menstrual cramps are sometimes just a minor discomfort, a heavy feeling
in the abdominal region. Women suffering the most extreme menstrual cramps
are sometimes forced to change their regular routine for a few days.
In primary dysmenorrhea, there is no underlying physical condition
causing the pain. Secondary dysmenorrhea involves another physical
condition, usually gynecological (related to a woman’s reproductive system).
Symptoms of Dysmenorrhea
The most common sign of both primary and secondary dysmenorrhea include a throbbing
pain or a dull ache in the lower abdomen and pelvis that might radiate to the
lower back and/or legs.
The cramps usually began shortly before the onset of the period and peak
within 24 hours. Some women also experience headaches, nausea, vomiting, or
dizziness. The prostaglandin found in both the uterus and intestinal tract
causes smooth muscles to retract, therefore some women are prone to experience
diarrhea or constipation during menstruation.
Most things that put you at risk for painful periods are out of your
control. You are more likely to have severe menstrual cramps if they run in
your family history and/or you had an early puberty (eleven years
old or younger). Anatomically (physical make-up of the body) speaking, a
backwards tilting of the uterus (a retroverted uterus) and/or a very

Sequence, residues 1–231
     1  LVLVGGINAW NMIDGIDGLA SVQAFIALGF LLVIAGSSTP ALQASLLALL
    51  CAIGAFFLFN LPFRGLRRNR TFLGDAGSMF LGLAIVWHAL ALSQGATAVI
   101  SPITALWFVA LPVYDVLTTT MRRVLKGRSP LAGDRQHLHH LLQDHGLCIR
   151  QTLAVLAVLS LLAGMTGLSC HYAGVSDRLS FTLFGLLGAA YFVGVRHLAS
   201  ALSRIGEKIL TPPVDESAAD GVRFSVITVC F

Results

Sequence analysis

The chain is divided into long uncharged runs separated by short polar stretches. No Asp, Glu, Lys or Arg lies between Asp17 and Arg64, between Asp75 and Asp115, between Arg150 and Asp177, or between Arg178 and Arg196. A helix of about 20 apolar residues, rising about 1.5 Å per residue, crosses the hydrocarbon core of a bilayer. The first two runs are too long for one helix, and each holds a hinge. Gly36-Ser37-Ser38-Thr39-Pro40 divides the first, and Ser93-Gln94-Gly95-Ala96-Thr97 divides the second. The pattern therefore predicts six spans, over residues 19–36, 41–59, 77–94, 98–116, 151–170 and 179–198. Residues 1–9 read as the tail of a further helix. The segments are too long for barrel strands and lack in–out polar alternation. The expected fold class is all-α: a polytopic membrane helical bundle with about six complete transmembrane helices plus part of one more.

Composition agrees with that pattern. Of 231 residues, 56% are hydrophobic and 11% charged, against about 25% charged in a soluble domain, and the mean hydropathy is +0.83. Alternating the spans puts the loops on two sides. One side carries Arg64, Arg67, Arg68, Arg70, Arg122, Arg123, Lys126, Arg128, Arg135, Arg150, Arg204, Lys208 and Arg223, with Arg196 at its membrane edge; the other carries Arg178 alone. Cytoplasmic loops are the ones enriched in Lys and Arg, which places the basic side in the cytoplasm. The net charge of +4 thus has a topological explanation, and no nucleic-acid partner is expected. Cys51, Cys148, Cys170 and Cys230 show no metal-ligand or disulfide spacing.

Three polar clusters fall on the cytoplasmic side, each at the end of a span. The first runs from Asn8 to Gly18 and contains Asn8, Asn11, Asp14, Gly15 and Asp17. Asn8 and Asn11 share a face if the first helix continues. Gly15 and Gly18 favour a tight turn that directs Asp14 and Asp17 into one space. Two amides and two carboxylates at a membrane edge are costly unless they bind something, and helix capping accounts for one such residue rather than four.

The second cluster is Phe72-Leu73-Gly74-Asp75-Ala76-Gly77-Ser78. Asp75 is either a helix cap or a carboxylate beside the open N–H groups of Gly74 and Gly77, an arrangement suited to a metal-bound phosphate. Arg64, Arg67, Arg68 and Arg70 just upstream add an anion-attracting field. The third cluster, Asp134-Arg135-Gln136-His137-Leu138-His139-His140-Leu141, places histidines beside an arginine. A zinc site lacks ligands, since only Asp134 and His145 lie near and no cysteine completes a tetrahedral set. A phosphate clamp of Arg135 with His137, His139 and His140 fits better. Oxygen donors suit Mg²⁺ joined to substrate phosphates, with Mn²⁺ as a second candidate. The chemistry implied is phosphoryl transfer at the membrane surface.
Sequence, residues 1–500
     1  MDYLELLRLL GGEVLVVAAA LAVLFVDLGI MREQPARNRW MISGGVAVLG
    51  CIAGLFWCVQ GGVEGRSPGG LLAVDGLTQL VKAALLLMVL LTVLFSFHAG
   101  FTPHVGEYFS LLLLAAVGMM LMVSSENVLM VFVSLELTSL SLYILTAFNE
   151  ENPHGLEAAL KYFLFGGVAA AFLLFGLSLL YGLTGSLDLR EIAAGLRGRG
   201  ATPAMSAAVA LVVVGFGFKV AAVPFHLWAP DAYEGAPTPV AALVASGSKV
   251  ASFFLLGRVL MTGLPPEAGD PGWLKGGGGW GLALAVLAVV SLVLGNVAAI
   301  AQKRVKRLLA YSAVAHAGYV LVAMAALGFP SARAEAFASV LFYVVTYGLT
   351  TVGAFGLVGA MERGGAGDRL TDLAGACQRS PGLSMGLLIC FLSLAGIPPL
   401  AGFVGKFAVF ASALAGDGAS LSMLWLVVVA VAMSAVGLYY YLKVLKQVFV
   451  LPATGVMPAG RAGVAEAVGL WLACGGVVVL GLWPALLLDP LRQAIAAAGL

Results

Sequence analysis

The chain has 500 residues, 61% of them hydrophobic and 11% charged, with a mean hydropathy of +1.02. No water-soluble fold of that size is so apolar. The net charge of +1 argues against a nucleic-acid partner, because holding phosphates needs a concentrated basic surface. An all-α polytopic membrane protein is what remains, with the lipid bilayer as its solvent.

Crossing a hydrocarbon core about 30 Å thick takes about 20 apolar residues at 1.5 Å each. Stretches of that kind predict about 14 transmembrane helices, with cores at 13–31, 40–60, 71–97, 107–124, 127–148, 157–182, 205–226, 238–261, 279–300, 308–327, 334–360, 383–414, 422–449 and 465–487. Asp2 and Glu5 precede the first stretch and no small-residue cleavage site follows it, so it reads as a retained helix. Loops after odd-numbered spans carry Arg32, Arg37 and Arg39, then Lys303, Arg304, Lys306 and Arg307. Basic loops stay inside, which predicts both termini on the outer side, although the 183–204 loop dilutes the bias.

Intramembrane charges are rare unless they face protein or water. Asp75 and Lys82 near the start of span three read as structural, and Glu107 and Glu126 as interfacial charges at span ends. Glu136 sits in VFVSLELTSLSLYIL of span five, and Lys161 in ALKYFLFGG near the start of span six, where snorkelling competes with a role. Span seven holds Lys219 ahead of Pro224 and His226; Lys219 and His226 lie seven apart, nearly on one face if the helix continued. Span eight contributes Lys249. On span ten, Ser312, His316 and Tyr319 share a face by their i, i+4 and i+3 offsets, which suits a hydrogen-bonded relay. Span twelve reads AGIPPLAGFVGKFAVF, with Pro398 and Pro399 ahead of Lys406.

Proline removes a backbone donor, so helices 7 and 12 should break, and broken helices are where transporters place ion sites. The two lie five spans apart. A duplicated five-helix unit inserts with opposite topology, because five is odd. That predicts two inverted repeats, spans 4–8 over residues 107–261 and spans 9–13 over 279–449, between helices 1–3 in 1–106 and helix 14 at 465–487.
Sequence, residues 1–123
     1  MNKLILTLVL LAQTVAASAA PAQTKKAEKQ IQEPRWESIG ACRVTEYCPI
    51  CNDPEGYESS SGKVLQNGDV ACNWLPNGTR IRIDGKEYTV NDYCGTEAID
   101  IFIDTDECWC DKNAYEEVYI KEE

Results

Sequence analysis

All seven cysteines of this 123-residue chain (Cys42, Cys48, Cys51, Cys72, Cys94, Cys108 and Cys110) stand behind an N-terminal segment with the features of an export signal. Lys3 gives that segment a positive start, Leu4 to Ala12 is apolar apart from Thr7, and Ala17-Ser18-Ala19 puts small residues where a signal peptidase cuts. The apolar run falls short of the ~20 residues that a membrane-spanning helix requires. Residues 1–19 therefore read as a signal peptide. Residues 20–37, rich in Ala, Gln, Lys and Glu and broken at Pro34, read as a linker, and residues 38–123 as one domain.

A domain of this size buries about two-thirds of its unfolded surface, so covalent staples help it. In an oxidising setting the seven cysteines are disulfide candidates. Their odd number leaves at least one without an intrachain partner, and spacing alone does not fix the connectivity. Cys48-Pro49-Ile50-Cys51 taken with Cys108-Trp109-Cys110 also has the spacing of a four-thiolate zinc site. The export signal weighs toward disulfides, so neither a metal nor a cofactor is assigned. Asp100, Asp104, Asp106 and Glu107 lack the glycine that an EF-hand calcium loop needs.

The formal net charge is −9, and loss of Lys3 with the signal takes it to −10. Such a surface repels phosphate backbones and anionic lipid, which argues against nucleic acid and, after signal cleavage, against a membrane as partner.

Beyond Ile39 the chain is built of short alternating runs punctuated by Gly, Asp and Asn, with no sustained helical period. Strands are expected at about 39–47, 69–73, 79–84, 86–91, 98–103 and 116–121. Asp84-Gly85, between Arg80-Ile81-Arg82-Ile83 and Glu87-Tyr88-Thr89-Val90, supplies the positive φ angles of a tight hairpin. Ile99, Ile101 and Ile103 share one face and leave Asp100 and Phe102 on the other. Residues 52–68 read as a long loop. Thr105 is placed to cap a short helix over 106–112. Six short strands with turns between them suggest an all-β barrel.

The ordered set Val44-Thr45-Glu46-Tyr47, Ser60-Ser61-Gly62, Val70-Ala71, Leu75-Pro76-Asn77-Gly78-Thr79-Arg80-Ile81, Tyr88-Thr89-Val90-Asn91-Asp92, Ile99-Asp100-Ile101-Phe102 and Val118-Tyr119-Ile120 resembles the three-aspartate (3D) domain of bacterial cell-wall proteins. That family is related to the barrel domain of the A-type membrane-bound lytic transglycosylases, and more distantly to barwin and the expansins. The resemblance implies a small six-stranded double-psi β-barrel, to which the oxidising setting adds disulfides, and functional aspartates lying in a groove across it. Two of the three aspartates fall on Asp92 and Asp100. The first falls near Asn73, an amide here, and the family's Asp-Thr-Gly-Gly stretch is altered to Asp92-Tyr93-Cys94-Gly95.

narrow cervical canal can also play a role.
Some things you do have some control over, at least partially. A sedentary
lifestyle contributes to the severity of your cramping; women who exercise
on a regular basis are much less likely to complain of painful periods. In some
(not all) medical circles it is accepted that emotional stress can
increase the discomfort of dysmenorrhea.
If you are afflicted with primary dysmenorrhea, you can expect the
intensity of the cramping to decrease as you get older. For many women,
cramping decreases or disappears completely after a pregnancy. In the
meanwhile, several options are available to you.
Pain controlfor minor cramping can often be achieved with the
use of over-the-counter drugs like aspirin or acetaminophen (Tylenol). Some
women combine Tylenol with a diuretic. For more painful cramps, non-steroidal